Filamented Flasher Wrasse

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Paracheilinus filamentosus - Allen, 1974
Filamented Flasher Wrasse

When displaying, the male flasher wrasse is among the most arresting species on the reef. Scott W. Michael


One of the most glorious of all the reef fishes, male Filamented Flasher Wrasses engage in a dynamic dance when displaying toward rivals and potential mates. This is a highly commendable fish for peaceful communities and reef aquariums.

Family: Labridae

Other common name(s):

  • Filamentous Wrasse

Native range:

Habitat: Reef. Provide swimming space and plenty of hiding places.

Maximum length: 10 cm (4 in)

Minimum aquarium size: 114 L (30 gal)

Water: Marine 24 °C (75 °F) - 28 °C (82 °F)

General swimming level: Mid-water to top.


Carnivore. Feed meaty foods, at least twice a day.

Aquarium Compatibility

This fish rarely bothers its tankmates, but males may incessantly chase other flasher wrasse species, especially in close quarters. It is often picked on by more aggressive species—if this happens, the flasher will hide most of the time or hang in the upper corners of the aquarium (when stressed like this, the colors become blotchy). Keep one male per tank. You can house a male with one or more females in a more spacious aquarium (over 100 gallons [380L]). Females lack the filaments on the dorsal fin. Flasher wrasses will not harm invertebrates.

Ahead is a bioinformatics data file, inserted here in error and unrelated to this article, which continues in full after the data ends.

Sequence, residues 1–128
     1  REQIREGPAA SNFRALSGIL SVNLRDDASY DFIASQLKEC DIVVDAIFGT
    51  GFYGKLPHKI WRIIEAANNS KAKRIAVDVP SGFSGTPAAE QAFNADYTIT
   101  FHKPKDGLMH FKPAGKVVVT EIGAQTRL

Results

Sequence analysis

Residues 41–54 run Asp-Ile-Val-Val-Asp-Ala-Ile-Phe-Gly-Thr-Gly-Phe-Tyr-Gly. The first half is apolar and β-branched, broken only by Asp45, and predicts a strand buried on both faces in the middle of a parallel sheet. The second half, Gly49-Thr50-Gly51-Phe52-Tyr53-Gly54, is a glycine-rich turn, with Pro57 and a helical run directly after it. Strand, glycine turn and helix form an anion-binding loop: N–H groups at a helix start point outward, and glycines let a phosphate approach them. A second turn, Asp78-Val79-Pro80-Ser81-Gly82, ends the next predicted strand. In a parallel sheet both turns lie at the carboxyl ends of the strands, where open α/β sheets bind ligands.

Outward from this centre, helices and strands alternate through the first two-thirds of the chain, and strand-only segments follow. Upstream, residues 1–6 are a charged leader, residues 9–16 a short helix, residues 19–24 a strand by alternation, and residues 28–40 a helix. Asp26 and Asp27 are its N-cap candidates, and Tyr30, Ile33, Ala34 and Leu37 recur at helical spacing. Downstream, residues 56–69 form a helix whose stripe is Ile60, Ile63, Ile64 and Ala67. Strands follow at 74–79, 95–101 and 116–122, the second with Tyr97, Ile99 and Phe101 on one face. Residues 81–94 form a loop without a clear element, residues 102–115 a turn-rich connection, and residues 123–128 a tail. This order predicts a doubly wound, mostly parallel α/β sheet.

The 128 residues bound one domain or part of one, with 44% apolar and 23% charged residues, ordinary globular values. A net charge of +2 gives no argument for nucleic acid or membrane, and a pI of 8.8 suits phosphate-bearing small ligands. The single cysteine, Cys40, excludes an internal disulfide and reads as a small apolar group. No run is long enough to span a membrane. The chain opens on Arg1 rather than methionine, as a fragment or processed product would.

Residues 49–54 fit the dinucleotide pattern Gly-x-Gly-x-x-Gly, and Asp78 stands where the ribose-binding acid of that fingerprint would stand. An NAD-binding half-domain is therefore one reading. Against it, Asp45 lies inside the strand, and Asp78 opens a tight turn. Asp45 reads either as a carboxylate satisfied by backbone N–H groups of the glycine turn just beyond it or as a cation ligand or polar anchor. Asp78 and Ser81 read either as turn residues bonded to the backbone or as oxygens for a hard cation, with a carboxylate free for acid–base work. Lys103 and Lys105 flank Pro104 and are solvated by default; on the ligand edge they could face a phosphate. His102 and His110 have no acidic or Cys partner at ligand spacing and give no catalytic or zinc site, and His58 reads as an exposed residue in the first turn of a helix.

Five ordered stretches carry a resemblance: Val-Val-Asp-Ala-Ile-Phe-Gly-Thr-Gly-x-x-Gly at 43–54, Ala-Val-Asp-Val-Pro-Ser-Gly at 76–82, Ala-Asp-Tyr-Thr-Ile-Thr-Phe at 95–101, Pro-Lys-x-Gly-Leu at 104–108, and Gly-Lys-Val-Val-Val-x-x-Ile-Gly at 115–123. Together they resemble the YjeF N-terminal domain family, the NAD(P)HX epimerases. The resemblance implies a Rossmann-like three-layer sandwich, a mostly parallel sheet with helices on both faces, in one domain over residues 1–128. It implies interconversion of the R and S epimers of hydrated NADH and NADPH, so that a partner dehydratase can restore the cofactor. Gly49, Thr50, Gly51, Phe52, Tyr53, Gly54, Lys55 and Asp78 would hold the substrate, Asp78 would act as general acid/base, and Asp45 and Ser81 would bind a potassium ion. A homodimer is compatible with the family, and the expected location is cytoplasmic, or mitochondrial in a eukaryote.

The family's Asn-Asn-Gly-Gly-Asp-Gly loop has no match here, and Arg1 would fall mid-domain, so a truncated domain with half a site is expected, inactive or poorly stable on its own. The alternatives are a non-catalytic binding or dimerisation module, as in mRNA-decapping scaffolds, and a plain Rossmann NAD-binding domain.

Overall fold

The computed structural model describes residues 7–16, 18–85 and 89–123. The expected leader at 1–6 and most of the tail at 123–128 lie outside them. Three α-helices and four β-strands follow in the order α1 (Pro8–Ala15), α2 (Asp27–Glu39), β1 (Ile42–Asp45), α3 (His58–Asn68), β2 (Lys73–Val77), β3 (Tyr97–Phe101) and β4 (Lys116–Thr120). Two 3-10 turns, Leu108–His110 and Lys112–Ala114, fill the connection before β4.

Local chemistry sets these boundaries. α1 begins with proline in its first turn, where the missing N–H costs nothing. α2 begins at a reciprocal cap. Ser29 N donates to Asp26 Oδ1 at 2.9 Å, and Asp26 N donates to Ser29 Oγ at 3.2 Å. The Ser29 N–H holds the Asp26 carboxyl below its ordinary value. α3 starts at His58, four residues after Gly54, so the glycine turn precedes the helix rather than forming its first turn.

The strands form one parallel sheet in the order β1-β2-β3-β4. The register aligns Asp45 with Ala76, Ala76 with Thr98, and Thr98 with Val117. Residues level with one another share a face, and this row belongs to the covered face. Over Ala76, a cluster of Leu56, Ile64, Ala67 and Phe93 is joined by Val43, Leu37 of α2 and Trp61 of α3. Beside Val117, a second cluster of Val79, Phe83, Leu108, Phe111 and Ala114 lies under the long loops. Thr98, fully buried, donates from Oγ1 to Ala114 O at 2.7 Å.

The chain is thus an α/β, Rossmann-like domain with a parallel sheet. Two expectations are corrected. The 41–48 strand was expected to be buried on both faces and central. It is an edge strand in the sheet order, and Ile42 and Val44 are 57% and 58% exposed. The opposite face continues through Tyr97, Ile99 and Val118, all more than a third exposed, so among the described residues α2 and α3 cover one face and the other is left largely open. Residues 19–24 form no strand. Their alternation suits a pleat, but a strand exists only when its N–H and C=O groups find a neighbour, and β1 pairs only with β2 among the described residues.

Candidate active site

Egg scatterers that produce pelagic eggs, often in midwater mating rituals. Both eggs and larvae that drift with plankton in the water column and settle back onto a reef at about the time of metamorphosis. These are among the most challenging types of marine fishes to propagate in captivity.


The display of the male is something to behold. The fish will erect all its fins and then dash around the tank like a kite in a strong wind. During this display, the colors also intensify. When it is not trying to impress its tankmates, it will slowly scull about the tank looking for food in the water column and may occasionally pick a morsel off the aquarium bottom. It is prone to leaping from open aquariums.

Reference: 101 Best Saltwater Fishes
Image credit: SWM
Text credit: SWM